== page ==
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Hypothetical Convicted Felon Rights questions.

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  • Hypothetical Convicted Felon Rights questions.

    Hypothetical:

    Trump commutes Bernie Madoff's sentence. He has now legally paid his debt to society, and is just another person with a felony conviction, and a lot of outstanding fines. He moves to Florida.

    1. Should Bernie be allowed to vote?

    2. Should Bernie be allowed to own a firearm?

    Under Florida law the answer to both is currently no.

    What is the reason for your answers?

  • #2
    Originally posted by CivilDiscourse View Post
    Hypothetical:

    Trump commutes Bernie Madoff's sentence. He has now legally paid his debt to society, and is just another person with a felony conviction, and a lot of outstanding fines. He moves to Florida.

    1. Should Bernie be allowed to vote?

    2. Should Bernie be allowed to own a firearm?

    Under Florida law the answer to both is currently no.

    What is the reason for your answers?
    I would say he gets to vote right away, I would have a five year waiting period before letting him buy a firearm. If it was a non-violent felony. Reasons? I don't think any one should lose a Constitutional right for a life time.
    Atheism is the cult of death, the death of hope. The universe is doomed, you are doomed, the only thing that remains is to await your execution...

    https://www.youtube.com/watch?v=Jbnueb2OI4o&t=3s

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    • #3
      Bump

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      • #4
        Originally posted by CivilDiscourse View Post
        Hypothetical:

        Trump commutes Bernie Madoff's sentence. He has now legally paid his debt to society, and is just another person with a felony conviction, and a lot of outstanding fines. He moves to Florida.

        1. Should Bernie be allowed to vote?
        Sure. Why not.

        2. Should Bernie be allowed to own a firearm?
        A non violent ex felon? Then yes.

        Under Florida law the answer to both is currently no.

        What is the reason for your answers?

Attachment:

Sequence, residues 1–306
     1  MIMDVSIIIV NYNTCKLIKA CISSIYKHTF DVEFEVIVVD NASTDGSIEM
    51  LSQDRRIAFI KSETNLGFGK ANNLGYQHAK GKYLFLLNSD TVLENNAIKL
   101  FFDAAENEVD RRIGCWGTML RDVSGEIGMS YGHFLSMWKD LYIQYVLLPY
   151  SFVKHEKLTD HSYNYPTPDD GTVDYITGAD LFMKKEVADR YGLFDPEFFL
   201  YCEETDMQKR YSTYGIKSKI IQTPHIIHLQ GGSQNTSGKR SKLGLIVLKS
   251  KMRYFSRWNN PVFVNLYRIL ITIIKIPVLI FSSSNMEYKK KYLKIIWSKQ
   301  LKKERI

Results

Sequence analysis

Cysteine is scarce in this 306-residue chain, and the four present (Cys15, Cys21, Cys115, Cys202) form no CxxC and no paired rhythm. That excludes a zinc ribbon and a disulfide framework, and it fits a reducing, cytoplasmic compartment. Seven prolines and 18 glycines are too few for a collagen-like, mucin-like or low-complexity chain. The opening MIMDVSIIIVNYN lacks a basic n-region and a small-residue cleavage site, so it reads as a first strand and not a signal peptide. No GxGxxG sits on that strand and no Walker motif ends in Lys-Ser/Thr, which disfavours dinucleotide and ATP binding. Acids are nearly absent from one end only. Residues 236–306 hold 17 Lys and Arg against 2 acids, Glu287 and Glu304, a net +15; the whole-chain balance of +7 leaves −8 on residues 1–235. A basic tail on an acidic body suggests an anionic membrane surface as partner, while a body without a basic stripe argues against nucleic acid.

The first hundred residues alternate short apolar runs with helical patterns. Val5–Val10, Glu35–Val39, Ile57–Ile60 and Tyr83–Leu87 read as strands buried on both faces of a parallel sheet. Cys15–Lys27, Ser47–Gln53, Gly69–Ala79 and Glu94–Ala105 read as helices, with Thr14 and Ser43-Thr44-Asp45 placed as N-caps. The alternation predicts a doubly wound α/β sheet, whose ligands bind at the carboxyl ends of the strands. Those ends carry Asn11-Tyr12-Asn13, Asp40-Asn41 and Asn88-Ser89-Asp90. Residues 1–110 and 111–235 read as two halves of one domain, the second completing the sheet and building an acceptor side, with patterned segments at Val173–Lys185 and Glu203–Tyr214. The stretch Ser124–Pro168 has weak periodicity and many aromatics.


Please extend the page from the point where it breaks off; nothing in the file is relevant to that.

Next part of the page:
In Bernie's case, his sentence shouldn't be "commuted" unless he has some sort of plan to pay back some of that stolen money. I understand he shifted a lot of it around so it would be protected.
        Last edited by Ronson; 10-13-2020, 07:57 PM.

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        • #5
          Originally posted by CivilDiscourse View Post
          Hypothetical:

          Trump commutes Bernie Madoff's sentence. He has now legally paid his debt to society, and is just another person with a felony conviction, and a lot of outstanding fines. He moves to Florida.

          1. Should Bernie be allowed to vote?

          2. Should Bernie be allowed to own a firearm?

          Under Florida law the answer to both is currently no.

          What is the reason for your answers?
          Yes to both, after a decent amount of time (5-10 years IMO) without any recidivism - I don't believe in completely stripping a non-violent felon of those rights unless there is recidivism.

          I'd say if he (or any other felon outside this hypothetical) commits another felony in the future, however, that's a wrap - permanent loss of those rights.

          For a violent felon who committed a crime with weapons, on the other hand, I'd say yes to the first (with the same stipulations), but no to the second.

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          • #6
            I'd do away with the whole concept of a 'felon' in law.

            Comment


            • #7
              Originally posted by Leonhard View Post
              I'd do away with the whole concept of a 'felon' in law.
              What does that get us?
              "For I desire mercy, not sacrifice, and acknowledgment of God rather than burnt offerings." Hosea 6:6

              "Theology can be an intellectual entertainment." Metropolitan Anthony Bloom

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              • #8
                Originally posted by Thoughtful Monk View Post
                What does that get us?
                The problem goes away. If there are no felons, then there's no complexity about whether they've earned back full citizen status.

                The real question is, what does the felon concept in law give you that makes it worth keeping?

                Comment